Linton: The Silver Swan
Linton: The Silver Swan
One of Renaissance England’s most famous madrigal texts soars in this new setting for soprano, trumpet, and chamber orchestra by Michael Linton
Composers are often asked about a piece of music, “How long did it take you to write that”? It’s not a ill-intended question yet lurking behind it, unvoiced but hinted, is the notion that a really good composer, truly taken by the muses, writes quickly, as Handel wrote when he dashed off Messiah. Feverishly composed, the piece is great and you’re a brilliant composer. If not so swiftly made, then, well — the music is not quite such a marvel.
“The Silver Swan” was written in a matter of days, and forty-three years. I first came across Gibbon’s text, set by Ned Rorem, in January, 1971, when I turned pages for a college recital of Sherri Woods accompanied by my freshman roommate, Jerry Blackstone (Sherri would go on to be a major soprano in The New York City Opera and Jerry became the leading choral conductor of his generation, eventually heading of the conducting program at the University of Michigan). I immediately loved the text and resolved to write my own setting.
On and off I’d return to Gibbon’s poem, writing a few bars of music, but nothing more came of it. Ten days before our March 2013 recording session for “Dakota Wind”, Pam Sixfin, our orchestra contractor, looked at the session schedule and asked if we had another piece to record for the same ensemble. “Dakota Wind”, she reasoned, wouldn’t demand all the orchestral time we’d contracted. Did we have something else?
I thought of orchestrating “Western Gate” (a piece for soprano and piano I had written to another of Jody Bottum’s poems), and I began to sketch out the orchestration. But I was also speaking daily with Cody Franchetti and those conversations about our culture’s almost suicidal amnesia of its rich past returned me to the Gibbons. The opening soprano line was written literally in a minute. Continuing that line proved to be more problematic and several nearly complete settings were thrown out. But Cody and I also had been talking a lot about the music of the late Baroque and the Sturm und Drang and those conversations manifested, along with memories of watching wedges of swans fly along the Housatonic River in Connecticut, in the modulating sequence “. . . more geese than swans. . . ” that became the song’s fulcrum.
A telephone call to my colleague Michael Arndt to see if the extraordinarily treacherous trumpet line I was writing for him was performable (it was), and the piece was quickly finished. The music was given to my daughter Elizabeth, and two days later the piece was rehearsed for twenty minutes and recorded.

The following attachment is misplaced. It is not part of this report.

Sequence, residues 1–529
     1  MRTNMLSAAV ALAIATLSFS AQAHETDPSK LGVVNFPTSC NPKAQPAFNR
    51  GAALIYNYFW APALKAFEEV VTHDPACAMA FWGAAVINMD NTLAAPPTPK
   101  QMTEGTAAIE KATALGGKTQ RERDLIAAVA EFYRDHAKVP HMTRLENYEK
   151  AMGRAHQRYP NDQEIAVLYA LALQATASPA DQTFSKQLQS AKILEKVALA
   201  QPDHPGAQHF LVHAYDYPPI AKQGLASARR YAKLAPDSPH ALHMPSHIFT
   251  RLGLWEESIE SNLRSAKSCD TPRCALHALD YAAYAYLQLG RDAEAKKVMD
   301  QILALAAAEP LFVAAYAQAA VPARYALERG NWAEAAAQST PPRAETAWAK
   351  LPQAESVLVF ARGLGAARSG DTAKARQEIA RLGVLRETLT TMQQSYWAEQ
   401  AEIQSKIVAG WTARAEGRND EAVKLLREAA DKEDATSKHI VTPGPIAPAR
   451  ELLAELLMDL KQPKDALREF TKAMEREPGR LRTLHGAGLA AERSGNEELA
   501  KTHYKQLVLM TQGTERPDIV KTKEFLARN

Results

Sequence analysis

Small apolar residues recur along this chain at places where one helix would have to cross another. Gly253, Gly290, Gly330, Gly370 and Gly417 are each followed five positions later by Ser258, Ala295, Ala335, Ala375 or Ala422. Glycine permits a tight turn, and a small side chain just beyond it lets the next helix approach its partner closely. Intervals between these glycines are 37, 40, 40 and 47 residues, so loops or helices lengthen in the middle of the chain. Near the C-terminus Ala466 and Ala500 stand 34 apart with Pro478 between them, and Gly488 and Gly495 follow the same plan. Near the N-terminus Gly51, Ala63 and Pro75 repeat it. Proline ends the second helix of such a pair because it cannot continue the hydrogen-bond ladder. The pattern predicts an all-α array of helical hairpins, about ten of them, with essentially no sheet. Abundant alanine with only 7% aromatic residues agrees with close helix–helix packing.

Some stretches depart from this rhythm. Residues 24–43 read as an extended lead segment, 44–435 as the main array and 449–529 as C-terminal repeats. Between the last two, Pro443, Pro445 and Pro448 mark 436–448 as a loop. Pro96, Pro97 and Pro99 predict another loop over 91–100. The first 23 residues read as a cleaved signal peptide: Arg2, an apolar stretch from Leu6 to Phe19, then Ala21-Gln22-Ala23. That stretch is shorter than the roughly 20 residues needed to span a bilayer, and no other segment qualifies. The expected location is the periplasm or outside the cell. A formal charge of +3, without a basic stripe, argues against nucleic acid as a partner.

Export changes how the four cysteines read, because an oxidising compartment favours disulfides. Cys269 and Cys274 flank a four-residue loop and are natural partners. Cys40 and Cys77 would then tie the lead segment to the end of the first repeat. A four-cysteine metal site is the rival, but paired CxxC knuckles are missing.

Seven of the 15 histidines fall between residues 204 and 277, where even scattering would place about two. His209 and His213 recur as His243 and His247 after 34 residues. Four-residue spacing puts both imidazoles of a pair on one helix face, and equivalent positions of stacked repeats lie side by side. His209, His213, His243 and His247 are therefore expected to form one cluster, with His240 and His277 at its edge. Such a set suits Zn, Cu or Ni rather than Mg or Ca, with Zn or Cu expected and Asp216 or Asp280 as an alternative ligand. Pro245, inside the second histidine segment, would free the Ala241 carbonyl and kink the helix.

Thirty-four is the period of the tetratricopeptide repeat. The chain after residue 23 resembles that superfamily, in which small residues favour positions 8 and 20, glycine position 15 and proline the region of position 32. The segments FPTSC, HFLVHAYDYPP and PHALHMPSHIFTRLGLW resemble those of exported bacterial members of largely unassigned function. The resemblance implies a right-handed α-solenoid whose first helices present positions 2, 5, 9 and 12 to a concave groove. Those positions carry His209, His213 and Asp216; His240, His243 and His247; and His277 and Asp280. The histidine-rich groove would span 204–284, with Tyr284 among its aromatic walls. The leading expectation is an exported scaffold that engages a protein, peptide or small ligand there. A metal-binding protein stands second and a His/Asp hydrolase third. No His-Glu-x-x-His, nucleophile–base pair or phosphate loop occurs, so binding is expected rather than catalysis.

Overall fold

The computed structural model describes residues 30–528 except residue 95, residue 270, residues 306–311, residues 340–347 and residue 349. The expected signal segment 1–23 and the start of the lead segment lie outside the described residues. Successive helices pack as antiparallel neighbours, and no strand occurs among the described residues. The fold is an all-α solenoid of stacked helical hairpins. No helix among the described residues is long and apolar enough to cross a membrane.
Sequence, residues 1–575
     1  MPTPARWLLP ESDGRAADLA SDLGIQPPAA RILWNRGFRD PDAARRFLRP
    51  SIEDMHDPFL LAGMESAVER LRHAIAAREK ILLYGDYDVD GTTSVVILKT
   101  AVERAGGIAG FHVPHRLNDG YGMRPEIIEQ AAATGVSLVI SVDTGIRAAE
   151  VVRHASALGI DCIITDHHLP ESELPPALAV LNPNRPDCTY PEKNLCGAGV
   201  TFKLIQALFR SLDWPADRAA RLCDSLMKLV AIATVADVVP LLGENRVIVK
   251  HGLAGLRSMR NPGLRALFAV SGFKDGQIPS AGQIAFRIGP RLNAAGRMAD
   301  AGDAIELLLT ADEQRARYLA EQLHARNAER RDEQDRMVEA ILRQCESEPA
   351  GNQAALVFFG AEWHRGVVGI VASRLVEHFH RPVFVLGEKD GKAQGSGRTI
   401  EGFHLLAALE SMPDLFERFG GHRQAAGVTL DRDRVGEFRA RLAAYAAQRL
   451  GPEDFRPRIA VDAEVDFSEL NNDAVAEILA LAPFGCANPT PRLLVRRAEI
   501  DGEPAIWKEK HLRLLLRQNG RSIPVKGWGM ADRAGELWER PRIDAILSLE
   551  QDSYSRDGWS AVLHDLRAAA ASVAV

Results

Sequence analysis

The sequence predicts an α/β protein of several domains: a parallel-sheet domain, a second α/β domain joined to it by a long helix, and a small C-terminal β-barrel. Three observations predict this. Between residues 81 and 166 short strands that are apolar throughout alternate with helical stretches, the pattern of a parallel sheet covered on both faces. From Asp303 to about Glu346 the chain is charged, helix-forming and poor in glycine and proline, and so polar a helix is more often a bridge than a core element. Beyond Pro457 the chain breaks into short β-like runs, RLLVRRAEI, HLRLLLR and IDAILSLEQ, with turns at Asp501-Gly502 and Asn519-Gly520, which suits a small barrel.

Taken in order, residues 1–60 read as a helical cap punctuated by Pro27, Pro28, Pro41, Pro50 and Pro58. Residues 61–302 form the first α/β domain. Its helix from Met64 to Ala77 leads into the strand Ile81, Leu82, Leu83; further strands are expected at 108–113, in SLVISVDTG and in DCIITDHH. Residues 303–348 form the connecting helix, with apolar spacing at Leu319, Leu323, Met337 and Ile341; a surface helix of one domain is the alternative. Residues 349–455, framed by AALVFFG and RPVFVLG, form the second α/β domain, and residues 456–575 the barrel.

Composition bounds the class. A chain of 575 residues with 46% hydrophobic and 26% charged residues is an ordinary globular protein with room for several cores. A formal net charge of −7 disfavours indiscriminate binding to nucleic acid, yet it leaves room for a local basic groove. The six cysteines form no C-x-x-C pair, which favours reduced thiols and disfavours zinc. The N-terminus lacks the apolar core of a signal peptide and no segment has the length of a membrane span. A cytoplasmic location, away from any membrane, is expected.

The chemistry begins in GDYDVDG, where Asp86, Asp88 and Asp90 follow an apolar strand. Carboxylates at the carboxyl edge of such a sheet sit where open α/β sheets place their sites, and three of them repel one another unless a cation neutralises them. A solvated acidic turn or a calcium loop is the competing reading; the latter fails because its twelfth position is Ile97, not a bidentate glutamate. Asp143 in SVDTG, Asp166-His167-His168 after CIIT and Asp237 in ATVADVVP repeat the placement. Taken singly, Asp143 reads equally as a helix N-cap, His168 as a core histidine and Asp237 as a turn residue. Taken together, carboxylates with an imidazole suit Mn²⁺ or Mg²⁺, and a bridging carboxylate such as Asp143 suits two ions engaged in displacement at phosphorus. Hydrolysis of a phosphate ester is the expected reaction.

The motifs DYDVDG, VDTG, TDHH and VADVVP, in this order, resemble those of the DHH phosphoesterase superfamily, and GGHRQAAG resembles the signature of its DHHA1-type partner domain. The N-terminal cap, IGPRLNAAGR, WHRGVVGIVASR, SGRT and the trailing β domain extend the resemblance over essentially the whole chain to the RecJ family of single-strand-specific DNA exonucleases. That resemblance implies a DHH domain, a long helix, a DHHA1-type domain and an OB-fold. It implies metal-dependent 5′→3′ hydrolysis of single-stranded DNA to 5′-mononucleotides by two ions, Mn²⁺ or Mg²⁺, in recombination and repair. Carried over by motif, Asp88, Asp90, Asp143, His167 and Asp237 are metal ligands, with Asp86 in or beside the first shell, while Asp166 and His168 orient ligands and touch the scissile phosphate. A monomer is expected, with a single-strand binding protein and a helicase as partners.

There are authors who plot out their novels, even to the smallest details (J.K. Rowling apparently is an example) while there are others who invent characters, put them in a locale and turn them lose, their characters behaving as they must. There are similar kinds of composers. “The Silver Swan” is not the piece I thought I was going to write: quiet, nostalgic, and with a whiff of innocuous melancholy — like all of the other settings of the poem (although not Gibbon’s own). Those were the versions that I sketched-out and one by one tore up, finding them spastic, inarticulate, false. It was only when I allowed the music both to unabashedly fly and curse that it had the freedom to express nearly the half-century of thought I had given Gibbon’s text, thought that was not nostalgic but passionate, bitter and true — and most certainly not innocuous.
Soon after the recording, I wrote Cody about how my setting changed from my first intentions and how its truth forced itself upon me: ” As you’ve reminded me, we know the world best not through numbers (positivism, etc), but through art, as suggested by Croce and Schopenhauer. And if we’re true artists our own art compels us to inflict even that brutal honesty upon ourselves, if we have the courage to make it so (but it’s really not courage since to have courage suggests that there is a choice between several possible courses of action, between courage and cowardice, but an artist doesn’t have that choice; the true artist doesn’t have the choice of cowardice). The truth wins out, it can’t be stopped.” To which he wrote back: “Well, Michael, that’s unconditionally true, and that’s why in reality it is life that imitates are and not the contrary, which is the pleonasm we always hear.” The song is dedicated “to Cody, who understands.” — Michael Linton